Seeking a training session, guest speaker, or just have more questions? Here are the practitioners who can support you in your development of narrative healthcare at your clinic, house of worship, hospital, school, or anywhere stories are told.

Core Communicator & Founder of the Narrative Healthcare Program at Lenoir-Rhyne University: Laura Hope-Gill, MFA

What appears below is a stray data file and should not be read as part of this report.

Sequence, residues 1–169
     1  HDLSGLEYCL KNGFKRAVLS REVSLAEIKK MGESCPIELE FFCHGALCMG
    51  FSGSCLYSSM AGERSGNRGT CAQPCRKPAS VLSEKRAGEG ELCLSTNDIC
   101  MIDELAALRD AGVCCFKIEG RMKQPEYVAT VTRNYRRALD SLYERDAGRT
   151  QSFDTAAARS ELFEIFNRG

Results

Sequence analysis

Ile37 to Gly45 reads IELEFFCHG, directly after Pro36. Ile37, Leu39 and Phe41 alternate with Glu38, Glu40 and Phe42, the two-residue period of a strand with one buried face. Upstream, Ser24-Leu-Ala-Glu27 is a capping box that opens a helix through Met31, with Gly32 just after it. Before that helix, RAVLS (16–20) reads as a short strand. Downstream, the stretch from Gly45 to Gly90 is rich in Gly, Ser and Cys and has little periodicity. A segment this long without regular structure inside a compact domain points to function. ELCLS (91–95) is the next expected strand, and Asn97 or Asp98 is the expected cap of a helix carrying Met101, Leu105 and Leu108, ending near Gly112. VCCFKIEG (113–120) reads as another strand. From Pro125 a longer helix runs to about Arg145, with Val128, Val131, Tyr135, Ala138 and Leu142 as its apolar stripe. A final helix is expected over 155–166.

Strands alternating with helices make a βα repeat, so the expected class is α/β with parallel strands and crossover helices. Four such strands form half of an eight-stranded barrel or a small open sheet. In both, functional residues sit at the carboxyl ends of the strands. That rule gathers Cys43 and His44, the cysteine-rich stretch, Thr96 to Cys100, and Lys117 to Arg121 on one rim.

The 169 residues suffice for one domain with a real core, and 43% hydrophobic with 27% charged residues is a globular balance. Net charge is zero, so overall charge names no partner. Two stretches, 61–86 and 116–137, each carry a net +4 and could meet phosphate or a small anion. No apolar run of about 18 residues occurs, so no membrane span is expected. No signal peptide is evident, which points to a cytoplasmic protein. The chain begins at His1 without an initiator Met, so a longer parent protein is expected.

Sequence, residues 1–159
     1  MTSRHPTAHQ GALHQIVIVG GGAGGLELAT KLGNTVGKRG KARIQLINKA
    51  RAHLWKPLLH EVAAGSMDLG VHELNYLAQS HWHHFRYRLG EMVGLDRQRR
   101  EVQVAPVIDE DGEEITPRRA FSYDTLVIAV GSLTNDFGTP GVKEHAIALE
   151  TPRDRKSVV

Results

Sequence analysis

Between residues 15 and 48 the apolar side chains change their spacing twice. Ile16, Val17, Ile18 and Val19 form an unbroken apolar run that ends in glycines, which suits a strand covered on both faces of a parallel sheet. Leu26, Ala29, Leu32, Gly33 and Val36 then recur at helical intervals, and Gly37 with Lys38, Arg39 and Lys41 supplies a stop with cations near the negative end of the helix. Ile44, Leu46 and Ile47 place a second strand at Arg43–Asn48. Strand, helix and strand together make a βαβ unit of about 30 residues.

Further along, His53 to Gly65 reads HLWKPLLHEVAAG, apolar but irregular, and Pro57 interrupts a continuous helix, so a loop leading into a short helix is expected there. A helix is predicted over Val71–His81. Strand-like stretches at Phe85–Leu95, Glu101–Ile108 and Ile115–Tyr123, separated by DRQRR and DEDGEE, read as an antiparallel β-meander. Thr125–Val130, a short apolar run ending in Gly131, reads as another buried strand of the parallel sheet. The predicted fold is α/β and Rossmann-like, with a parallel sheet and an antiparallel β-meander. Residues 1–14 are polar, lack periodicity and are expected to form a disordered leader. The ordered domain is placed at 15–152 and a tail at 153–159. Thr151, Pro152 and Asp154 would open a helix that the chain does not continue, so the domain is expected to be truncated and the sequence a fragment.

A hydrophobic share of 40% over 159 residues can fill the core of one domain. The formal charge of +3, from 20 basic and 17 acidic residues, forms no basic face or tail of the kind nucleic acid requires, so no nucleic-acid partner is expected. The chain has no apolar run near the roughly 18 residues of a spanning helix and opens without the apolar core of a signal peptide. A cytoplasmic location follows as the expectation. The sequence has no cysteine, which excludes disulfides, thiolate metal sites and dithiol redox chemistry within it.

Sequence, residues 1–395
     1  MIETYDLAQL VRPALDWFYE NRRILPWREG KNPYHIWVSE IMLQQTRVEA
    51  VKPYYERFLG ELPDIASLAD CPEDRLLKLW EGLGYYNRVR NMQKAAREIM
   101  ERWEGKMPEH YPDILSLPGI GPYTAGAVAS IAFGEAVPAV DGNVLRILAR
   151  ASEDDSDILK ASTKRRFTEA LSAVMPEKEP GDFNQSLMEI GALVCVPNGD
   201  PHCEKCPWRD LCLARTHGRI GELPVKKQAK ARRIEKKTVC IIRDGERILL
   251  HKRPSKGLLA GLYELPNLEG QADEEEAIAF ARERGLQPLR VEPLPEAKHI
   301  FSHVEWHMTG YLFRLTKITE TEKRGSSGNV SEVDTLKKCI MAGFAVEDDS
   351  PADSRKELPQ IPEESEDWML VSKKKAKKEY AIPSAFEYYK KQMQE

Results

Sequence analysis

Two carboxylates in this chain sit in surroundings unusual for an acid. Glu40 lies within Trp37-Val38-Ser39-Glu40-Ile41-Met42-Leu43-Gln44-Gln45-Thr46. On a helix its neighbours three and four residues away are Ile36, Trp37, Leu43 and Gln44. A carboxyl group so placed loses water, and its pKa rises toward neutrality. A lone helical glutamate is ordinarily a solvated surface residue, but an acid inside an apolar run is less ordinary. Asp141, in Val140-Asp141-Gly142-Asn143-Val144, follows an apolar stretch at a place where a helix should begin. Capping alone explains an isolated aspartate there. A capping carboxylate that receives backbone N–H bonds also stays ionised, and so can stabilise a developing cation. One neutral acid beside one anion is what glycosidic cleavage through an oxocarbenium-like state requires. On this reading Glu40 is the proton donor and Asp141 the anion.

Laura Hope-Gill holds an MFA from Warren Wilson MFA Program for Writers and directs the Thomas Wolfe Center for Narrative at Lenoir-Rhyne University’s Asheville Graduate Campus. The National Forest Service, partnered with the Blue Ridge Parkway Foundation, installed her as the Poet Laureate of the Blue Ridge Parkway in 2009. She received a North Carolina Arts Council Fellowship in 2010. She has penned The Soul Tree, which received the Okra Award from Southern Independent Booksellers Association, and the Look Up Asheville architectural histories, recognized for excellence by the North Carolina Society of Historians. She is also the founding director of Asheville Wordfest. Hope-Gill comes from long lines of educators and physicians. She is grateful to Dr. Charon for opening a world wherein literature, education, and medicine merge for the welfare of humanity, and appreciates Dr. Charon’s guidance in the development of the Narrative Healthcare Program at Lenoir-Rhyne University. Hope-Gill grew up in a deeply storied family. Her grandparents were interned in China during World War II, and her grandfather-physician aided internees in the camp. Her father, an endocrinologist, attended to the health of many of the people who portrayed “Munchkins” in The Wizard of Oz, several of whom she came to know nearly as members of the family. Hope-Gill’s mother served as “camp nurse” in the wildernesses of Ontario and Pisgah Forest. When her father told her that to be a doctor one must turn off their emotions, Hope-Gill chose to be a poet. Later, as Hope-Gill’s father was nearing the end of his life, they conversed weekly about Narrative Medicine. Her father often reflected upon the ways his career would have been enriched by such engagement with the Humanities, and how Medicine, as a whole, needed this union all along. Hope-Gill is deeply interested in supporting the current creativity-based transformation occurring in healthcare, a merging of worlds to heal the world.